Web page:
• lower end of heat block has near set temperature, delta of just ~5C°

Conclusion Pass 1-4

  • make heatbreak section of pipes thinner
  • optionally have PTFE tubes until lower end of heatsink for smooth motion of filament
  • make fins thinner
  • lower heatsink fan by one fin

Iteration 2

After the tests, I changed the design slightly:

  • thinner pipes to lessen heat transfer to the heatsink
  • a few wings on the fins to increase heat dissepation
  • thinner fins so the air flows better

Submitted to PCBWay 2022/11/29 for manufacturing review, a day later I was informed of thin walls of the pipes near the heatbreak (<1mm) and I gave OK to manufacture.

Iteration 2 of Parametric Mixing Hotend

The thin heatbreak walls seemed to help:

  • ability to heat up to 210°C nominal, some parts reach 220°C, but nozzle is around 210°C
  • 30mm fan performs well
  • 40mm fan removes too much heat, no possible to reach 210°C anymore
  • heatbreak pipes are still too thick, too much heat flows away (hence 30mm vs 40mm fan)
  • first extrusion worked, but after 1-2min both channels are blocked, near lowest fin of the heatbreak, to clear the blockage, I removed the fan and heated to 180°C and allow entire hotend to reach ~90°C, then with 0.4mm needle and 1.8mm copper wire was able to clear the blocked section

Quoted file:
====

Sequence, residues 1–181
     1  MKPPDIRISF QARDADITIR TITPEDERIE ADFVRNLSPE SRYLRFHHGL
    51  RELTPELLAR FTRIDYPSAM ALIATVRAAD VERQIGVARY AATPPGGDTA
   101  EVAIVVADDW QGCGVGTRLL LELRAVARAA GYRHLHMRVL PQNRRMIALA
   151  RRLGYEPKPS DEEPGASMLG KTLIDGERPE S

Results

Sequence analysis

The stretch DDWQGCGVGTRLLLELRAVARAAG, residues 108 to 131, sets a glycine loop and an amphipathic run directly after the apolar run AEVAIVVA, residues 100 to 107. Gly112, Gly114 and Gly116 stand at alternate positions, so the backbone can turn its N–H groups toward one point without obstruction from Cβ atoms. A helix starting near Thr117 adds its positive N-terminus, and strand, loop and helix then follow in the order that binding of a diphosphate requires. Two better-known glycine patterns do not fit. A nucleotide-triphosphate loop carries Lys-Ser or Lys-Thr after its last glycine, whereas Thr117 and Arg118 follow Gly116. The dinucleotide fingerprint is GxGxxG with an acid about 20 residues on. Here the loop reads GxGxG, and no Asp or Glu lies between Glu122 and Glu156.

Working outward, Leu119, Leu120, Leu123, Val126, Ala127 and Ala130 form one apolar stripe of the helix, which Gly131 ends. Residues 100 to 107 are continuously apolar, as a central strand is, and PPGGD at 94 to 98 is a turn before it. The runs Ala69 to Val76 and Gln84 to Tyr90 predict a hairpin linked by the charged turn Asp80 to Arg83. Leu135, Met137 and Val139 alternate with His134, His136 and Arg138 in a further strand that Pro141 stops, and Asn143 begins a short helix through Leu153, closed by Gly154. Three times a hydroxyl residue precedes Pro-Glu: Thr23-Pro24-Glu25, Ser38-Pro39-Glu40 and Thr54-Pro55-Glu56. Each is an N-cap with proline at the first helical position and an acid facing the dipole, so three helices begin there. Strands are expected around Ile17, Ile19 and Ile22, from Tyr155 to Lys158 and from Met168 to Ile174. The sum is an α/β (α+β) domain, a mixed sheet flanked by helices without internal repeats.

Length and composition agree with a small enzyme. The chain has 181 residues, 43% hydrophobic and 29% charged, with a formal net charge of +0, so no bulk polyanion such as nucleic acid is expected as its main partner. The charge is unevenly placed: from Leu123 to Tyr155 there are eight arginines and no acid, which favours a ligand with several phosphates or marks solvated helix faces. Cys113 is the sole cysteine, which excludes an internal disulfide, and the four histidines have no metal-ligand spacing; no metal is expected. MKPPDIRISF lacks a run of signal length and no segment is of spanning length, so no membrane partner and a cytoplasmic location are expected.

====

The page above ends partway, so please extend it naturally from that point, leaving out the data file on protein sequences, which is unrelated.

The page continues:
Heatbreak is most critical, and has to be short and has to be a hard cut temperature gradient-wise – and 0.5mm wall thickness is still too much. So, regardless of cooling fan on the heatsink, if the heatbreak is too thick, too much heat creeps up or away – it’s not a matter of cooling capacity, but conductivity.


  • metal printed version (aluminium), done 2022/11/21
  • heating tests (on-going)
  • test prints with multiple filaments
    • 2 inputs, e.g. complementary colors (Black/White: Grey Shades, Yellow/Violet: Red Shades)
    • 3 inputs, e.g. CYM: saturated colors only
    • 5 inputs, e.g. CYMKW: full spectrum colors
  • silicon socks for all variants, as part cooler will introduce otherwise heating instabilities